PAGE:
International intervention is needed to save the two-state solution

As Israel flaunts new settlement plans, it is evident that Palestinians will not accept any deal that robs them of a viable, independent state

Monday, 8 November, 2010 - 22:09
London, UK

On Monday, as Netanyahu embarked on yet another official visit to the US, the Jerusalem District Building and Planning Committee once again used this questionable opportunity to announce building plans for 1,298 new units in settlements in East Jerusalem.

Until this announcement, for over four weeks now, the media junkie in me has flipped through news channels, scoured online media, and read top local dailies expecting to see rapid developments to get Israeli-Palestinian direct peace talks back on track.

It remained bizarrely silent on that front, with seemingly little or no progress at all. The two-state solution is fading away fast as Palestinian lands continue to disappear under further Israeli settlement construction and expansion.

International pressure to extend the building moratorium is not enough; definitive measures are necessary if these direct peace talks are to survive.

Israel is grabbing all the headlines by resuming settlement building in the West Bank at breakneck speed. Even before today’s announcement, two thousand new housing units had already received Israeli government authorization in recent months. These settlements not only divide the West Bank, cutting off Palestinian communities, but also control the vast majority of natural resources.

The facts on the ground beg the question: Where exactly will the Palestinian state exist?

The viability of the two-state solution is being permanently eradicated by the continued expansion and construction of Israeli settlements in the West Bank. The settlers’ umbrella organisation ‘Yesha Council’ and extremist settlers are often blamed for what is in fact an official Israeli government policy that finances and subsidizes the settlements. It’s absurd to pour money and people into an area that will form the heartland of a future Palestinian state.

Israeli settlement expansion in the West Bank tells only half the story. Travelling from the West Bank city of Ramallah to Jerusalem for work, I always pass through the Arab neighbourhoods of Beit Hanina and Shuafat in East Jerusalem. Every once in a while, my eyes drift to the hill tops surrounding the neighborhoods and a sense of dread washes over me. The Israeli settlements of Neve Yaakov, Pisgat Zeev, and Ramot are swallowing Beit Hanina and Shuafat.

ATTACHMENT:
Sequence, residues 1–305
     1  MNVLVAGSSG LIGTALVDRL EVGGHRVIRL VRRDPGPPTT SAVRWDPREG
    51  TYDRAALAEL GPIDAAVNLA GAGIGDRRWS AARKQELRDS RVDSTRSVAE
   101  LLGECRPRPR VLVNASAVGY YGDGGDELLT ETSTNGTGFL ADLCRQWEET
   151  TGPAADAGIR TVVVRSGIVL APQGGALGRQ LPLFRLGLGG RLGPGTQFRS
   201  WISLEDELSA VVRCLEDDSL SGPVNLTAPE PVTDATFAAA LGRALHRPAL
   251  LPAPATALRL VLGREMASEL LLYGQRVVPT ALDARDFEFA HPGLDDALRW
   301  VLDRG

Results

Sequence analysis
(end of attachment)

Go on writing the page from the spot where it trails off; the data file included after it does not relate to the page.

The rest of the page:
Piece by piece, the Arab neighborhoods of East Jerusalem are being dissolved by sprawling Jewish settlements intended to prevent the possibility of a Palestinian capital in any part of the city.

Israel’s actions are predetermining substantive final status issues outside the scope of negotiations. Israeli Prime Minister Benjamin Netanyahu is demanding that Palestinians continue direct peace talks without preconditions - while supporting developments that strike at the heart of these very negotiations.

Coercing Palestinian President Mahmoud Abbas to remain at the negotiation table may allow the peace process to continue limping forward, but the Palestinian people will not accept any deal that robs them of a viable, independent state.

Such defiance requires personal responsibility and commitment to a peace process from both Israelis and Palestinians.

OneVoice Palestine believes that the Palestinian people must be a driving force constantly propelling their leaders to achieve a two-state solution, just as the Israeli people must signal to their leaders that enough is enough.

The Palestinian leadership is trying to meet international expectations to prove they are a genuine partner for peace. But these efforts must be matched by swift international intervention to stop Israeli settlement construction. Ensuring a future with two states for two peoples demands concrete steps today that reinvigorate the conviction on both sides to end the conflict.

Samer Makhlouf is executive director of OneVoice Palestine.

This article may be reproduced on condition that JNews is cited as its source.

Photo from settlement estate agency

commentary rss feed